However picturesquely Fremont for the moment loomed up as the standard-bearer of the Republican party, historical interest centers upon the second act of the Philadelphia Convention.
Continuing Republicans’ First National Campaign,
our selection from Abraham Lincoln, A History by John Hay and John G. Nicolay published in 1890. For works benefiting from the latest research see the “More information” section at the bottom of these pages The selection is presented in three easy 5 minute installments.
Previously in Republicans’ First National Campaign.
That [political – jl] conflict which opened the year with the long congressional contest over the speakership, and which found its only solution in the choice of Banks by a plurality vote, had been fed by fierce congressional debates, by presidential messages and proclamations, by national conventions, by the Sumner assault, by the Kansas war; the body politic throbbed with activity and excitement in every fiber. Every free-State and several border States and Territories were represented in the Philadelphia Convention; its regular and irregular delegates counted nearly a thousand local leaders, full of the zeal of new proselytes; Henry S. Lane, of Indiana, was made its permanent chairman.
The party was too young and its prospect of immediate success too slender to develop any serious rivalry for a presidential nomination. Because its strength lay evidently among the former adherents of the now dissolved and abandoned Whig party, William H. Seward of course took highest rank in leadership; after him stood Salmon P. Chase as the representative of the independent Democrats, who, bringing fewer voters, had nevertheless contributed the main share of the courageous pioneer work. It is a just tribute to their sagacity that both were willing to wait for the maturer strength and riper opportunities of the new organization. Justice John McLean, of the Supreme Bench, an eminent jurist, a faithful Whig, whose character happily combined both the energy and the conservatism of the great West, also had a large following; but as might have been expected, the convention found a more typical leader, young in years, daring in character, brilliant in exploit; and after one informal ballot it nominated John C. Fremont, of California. The credit of the selection and its successful management has been popularly awarded to Francis P. Blair, senior, famous as the talented and powerful newspaper lieutenant of President Jackson; but it was rather an intuitive popular choice, which at the moment seemed so appropriate as to preclude necessity for artful intrigue.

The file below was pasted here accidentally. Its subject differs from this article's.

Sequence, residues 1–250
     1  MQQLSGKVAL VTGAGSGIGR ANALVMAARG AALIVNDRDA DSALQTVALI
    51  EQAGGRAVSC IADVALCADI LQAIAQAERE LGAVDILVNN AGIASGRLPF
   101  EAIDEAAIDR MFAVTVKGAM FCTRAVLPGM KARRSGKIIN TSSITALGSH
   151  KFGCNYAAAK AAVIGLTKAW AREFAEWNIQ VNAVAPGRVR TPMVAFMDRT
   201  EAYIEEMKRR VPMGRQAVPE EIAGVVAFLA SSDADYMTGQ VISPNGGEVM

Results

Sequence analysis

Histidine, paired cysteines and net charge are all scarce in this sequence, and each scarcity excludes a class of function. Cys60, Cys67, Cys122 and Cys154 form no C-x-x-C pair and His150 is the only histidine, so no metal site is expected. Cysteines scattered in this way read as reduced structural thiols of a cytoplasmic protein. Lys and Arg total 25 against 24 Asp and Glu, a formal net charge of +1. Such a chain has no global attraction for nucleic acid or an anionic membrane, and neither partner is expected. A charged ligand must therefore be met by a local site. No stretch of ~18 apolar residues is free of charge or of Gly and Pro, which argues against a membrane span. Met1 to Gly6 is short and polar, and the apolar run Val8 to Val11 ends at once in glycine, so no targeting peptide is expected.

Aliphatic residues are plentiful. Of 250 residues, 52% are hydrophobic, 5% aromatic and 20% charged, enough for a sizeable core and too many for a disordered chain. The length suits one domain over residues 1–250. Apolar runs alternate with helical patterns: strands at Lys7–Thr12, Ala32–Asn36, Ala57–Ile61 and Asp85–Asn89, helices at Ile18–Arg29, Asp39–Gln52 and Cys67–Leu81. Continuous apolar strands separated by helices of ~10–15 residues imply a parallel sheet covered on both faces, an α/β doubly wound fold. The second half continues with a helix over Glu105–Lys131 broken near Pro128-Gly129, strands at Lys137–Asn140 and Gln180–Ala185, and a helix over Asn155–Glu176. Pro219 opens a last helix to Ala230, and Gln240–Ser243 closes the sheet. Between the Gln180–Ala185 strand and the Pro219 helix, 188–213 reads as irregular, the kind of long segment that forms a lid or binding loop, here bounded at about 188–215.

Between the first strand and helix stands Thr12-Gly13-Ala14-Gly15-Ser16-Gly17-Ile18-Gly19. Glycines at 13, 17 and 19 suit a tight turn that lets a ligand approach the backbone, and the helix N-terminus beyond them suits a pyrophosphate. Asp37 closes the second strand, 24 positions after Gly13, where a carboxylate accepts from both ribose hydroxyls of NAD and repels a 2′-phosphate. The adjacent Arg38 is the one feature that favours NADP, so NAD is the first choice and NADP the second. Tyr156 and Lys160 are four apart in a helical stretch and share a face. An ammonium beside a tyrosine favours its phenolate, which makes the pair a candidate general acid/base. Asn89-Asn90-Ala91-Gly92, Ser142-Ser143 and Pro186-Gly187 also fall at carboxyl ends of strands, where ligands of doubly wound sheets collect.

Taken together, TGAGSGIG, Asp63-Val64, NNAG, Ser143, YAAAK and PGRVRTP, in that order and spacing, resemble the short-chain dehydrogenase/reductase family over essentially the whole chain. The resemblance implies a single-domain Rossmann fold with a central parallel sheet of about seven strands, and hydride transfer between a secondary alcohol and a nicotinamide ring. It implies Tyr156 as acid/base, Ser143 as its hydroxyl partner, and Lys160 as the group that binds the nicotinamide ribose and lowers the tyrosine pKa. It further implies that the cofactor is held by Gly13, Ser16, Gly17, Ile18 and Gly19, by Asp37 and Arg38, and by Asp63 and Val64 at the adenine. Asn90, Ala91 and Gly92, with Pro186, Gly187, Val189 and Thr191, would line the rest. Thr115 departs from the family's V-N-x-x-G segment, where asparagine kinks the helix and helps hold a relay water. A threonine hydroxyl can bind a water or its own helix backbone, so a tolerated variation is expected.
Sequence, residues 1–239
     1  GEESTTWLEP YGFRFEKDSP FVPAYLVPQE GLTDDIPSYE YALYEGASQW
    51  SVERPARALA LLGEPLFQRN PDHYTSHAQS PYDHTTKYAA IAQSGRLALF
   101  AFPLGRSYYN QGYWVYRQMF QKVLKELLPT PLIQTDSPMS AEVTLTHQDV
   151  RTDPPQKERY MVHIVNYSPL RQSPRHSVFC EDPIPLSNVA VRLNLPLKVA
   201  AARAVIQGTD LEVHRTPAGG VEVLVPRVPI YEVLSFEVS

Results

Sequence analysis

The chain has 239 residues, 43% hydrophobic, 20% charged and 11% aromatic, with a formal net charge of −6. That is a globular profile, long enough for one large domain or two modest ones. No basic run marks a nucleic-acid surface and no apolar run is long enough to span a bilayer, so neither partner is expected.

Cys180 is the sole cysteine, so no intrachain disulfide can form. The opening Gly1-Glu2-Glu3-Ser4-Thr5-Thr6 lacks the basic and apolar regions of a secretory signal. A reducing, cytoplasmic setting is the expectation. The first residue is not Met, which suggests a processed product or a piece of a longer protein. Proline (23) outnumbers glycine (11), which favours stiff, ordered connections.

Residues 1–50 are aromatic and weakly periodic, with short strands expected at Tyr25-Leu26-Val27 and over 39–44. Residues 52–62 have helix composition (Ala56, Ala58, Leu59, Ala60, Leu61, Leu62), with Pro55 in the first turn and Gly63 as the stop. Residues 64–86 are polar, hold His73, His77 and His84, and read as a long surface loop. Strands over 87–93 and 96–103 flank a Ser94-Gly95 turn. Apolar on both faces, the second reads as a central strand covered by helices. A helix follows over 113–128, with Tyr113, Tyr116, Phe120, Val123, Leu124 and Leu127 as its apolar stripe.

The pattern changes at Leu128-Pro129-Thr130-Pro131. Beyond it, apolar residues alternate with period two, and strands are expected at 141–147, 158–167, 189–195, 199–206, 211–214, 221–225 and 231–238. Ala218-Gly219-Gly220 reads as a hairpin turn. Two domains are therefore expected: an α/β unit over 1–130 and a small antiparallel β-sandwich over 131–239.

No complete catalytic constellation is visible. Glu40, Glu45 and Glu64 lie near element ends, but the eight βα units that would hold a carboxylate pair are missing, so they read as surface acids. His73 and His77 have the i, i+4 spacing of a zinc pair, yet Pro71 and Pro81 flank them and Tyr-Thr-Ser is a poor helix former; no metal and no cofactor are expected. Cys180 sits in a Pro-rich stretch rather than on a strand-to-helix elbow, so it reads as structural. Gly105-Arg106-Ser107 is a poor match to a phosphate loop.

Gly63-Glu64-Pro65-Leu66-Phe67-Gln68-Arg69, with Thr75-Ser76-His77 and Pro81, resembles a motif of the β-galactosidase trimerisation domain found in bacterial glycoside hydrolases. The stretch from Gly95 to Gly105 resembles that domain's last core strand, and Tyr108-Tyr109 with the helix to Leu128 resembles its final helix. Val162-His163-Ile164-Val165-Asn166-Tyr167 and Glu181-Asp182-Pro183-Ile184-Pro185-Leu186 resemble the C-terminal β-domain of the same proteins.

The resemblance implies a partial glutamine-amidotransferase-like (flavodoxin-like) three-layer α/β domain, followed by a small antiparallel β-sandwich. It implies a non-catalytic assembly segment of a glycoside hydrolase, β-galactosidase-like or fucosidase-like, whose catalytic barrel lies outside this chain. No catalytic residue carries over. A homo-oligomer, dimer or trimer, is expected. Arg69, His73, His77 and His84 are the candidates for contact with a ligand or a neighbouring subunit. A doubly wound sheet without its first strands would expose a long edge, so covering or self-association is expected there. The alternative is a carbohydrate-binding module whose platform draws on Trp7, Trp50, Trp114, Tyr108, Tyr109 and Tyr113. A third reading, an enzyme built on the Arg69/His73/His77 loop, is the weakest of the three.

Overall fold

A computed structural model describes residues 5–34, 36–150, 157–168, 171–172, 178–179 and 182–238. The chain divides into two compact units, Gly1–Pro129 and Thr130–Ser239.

There was a dash of romance in the personal history of Fremont which gave his nomination a high popular relish. Of French descent, born in Savannah, Georgia, orphaned at an early age, he acquired a scientific education largely by his own unaided efforts in private study; a sea voyage as teacher of mathematics, and employment in a railroad survey through the wilderness of the Tennessee Mountains, developed the taste and the qualifications that made him useful as an assistant in Nicollet’s scientific exploration of the great plateau where the Mississippi River finds its sources, and secured his appointment as second lieutenant of topographical engineers. These labors brought him to Washington, where the same Gallic restlessness which made the restraint of schools insupportable, brought about an attachment, elopement, and marriage with the daughter of Senator Thomas H. Benton, of Missouri.